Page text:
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Re: XHTML 2.0: Suggestion for <addr/> and <blockaddr/> to replace <address/>

From: Christian Wolfgang Hujer <Christian.Hujer@itcqis.com>
Date: Tue, 2 Dec 2003 16:29:01 +0100
To: Lachlan Hunt <lhunt07@postoffice.csu.edu.au>, "Jukka K. Korpela" <jkorpela@cs.tut.fi>
Cc: www-html@w3.org
Message-Id: <200312021629.03178.Christian.Hujer@itcqis.com>

Hash: SHA1


Am Dienstag, 2. Dezember 2003 14:11 schrieb Lachlan Hunt:
> Jukka K. Korpela wrote:
> >On Mon, 1 Dec 2003, Christian Wolfgang Hujer wrote:
> >>ince <quote/> and <blockquote/> as well as <code/> and <blockcode/> are
> >>counterpart for quotes or listings, I suggest to replace <address/> with
> >><addr/> and <blockaddr/>.
> >
> >That would be logical in a sense, though one might question the very idea
> >of having inline and block versions of elements. Isn't the distinction
> >basically presentational?
>   No, it's not presentational, its the result of not being able to
I agree with Lachlan.
Wether something is allowed as a block of its own or merely as a part of 
another block is not presentational, it's structural.

>   I agree.  I thought the address element was for marking up any
> address, whether it was for the author or not.  I too made that same
> mistake recently when I wanted to write a postal address (not for the
> author) in a document, but discovered that it wasn't meant for that
> general use.  However, I think it, or some new element should be for
> that purpose.  I really don't think it's necessary to have it purely for
> the authors contact details, since meta tags, or RDF could handle that.
> Also, it would be much more useful if it were more general.
I make that "mistake" even intentionally. Though knowing better I currently 
use <address/> for marking up postal addresses or anything that's an address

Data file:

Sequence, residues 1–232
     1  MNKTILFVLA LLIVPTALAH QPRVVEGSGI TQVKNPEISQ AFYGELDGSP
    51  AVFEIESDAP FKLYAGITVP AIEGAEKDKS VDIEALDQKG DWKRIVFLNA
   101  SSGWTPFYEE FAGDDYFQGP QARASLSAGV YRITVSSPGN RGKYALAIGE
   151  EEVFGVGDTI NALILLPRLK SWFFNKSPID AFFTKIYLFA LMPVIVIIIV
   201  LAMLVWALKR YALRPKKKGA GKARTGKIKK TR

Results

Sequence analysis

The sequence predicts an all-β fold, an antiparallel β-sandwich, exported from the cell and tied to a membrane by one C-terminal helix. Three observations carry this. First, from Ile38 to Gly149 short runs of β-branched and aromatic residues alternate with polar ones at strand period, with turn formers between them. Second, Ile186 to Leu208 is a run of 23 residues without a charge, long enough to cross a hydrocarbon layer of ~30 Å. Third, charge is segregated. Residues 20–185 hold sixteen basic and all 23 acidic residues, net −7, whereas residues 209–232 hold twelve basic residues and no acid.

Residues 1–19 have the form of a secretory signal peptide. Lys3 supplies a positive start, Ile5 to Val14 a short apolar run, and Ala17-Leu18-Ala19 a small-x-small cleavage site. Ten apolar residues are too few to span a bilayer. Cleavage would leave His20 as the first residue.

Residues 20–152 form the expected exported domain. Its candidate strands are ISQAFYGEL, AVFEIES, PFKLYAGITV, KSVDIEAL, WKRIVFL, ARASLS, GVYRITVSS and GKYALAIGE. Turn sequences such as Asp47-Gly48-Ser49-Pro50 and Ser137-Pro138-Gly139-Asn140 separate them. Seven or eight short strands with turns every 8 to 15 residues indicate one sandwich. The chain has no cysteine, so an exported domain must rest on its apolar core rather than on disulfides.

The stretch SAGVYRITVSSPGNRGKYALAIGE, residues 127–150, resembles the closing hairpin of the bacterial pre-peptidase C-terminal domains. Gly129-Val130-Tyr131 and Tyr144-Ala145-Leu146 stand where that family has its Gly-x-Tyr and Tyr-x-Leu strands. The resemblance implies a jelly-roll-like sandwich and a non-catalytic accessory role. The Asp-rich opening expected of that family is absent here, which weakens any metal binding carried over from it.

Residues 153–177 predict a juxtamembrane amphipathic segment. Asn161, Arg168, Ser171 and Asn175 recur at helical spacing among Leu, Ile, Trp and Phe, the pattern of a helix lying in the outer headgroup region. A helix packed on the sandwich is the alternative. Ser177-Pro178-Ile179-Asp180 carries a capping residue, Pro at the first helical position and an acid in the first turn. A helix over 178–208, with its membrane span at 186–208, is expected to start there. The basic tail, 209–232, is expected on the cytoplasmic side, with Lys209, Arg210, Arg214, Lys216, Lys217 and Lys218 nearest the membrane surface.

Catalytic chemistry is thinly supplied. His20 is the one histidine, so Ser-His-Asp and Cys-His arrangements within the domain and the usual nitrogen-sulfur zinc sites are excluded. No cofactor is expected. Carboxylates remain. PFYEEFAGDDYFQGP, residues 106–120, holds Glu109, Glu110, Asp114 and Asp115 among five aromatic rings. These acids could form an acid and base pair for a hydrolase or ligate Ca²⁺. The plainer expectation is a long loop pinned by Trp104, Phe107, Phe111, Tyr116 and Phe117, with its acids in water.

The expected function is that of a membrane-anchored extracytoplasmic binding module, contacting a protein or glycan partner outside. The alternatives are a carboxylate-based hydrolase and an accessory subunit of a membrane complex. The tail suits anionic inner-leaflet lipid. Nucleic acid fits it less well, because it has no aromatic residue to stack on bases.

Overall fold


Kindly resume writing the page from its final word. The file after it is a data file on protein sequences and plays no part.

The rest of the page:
and wants to be a block in my documents.

I can't see any reason for calling an element marking up authors <address/> 
instead of <author/>...

> >...However it might be better to define some internal structure for it,
> >instead of mere line structure. Or it might be named just <postal>,
> >for specifying a physical address, whereas various Internet address
> >are, in a natural way, covered by the elements for linking.
>   I think that's too specific since it might not be just used for postal
> addresses.  it could be used for email addresses, URIs or any other form
> of address you can think of.  But then, what about phone numbers?
> That's still contact information, yet there is not <phone> element.  How
> about some new <blockcontact>/<contact> elements be introducted.
What are the arguments against my original suggestion <addr/> and 

>   <contact> is more generic than address so it could hold emails, URIs,
> street addresses, or phone numbers, etc...  If  we continued using
> <address>, then it would conflict with it's current definition as being
> for the author only, whereas <contact> won't.
I agree, <address/> shouldn't be reused with a different meaning, see my 
original post.

- -- 
Christian Wolfgang Hujer
Geschäftsführender Gesellschafter (Shareholding CEO)
E-Mail: Christian.Hujer@itcqis.com
WWW: http://www.itcqis.com/
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Received on Tuesday, 2 December 2003 10:35:13 UTC

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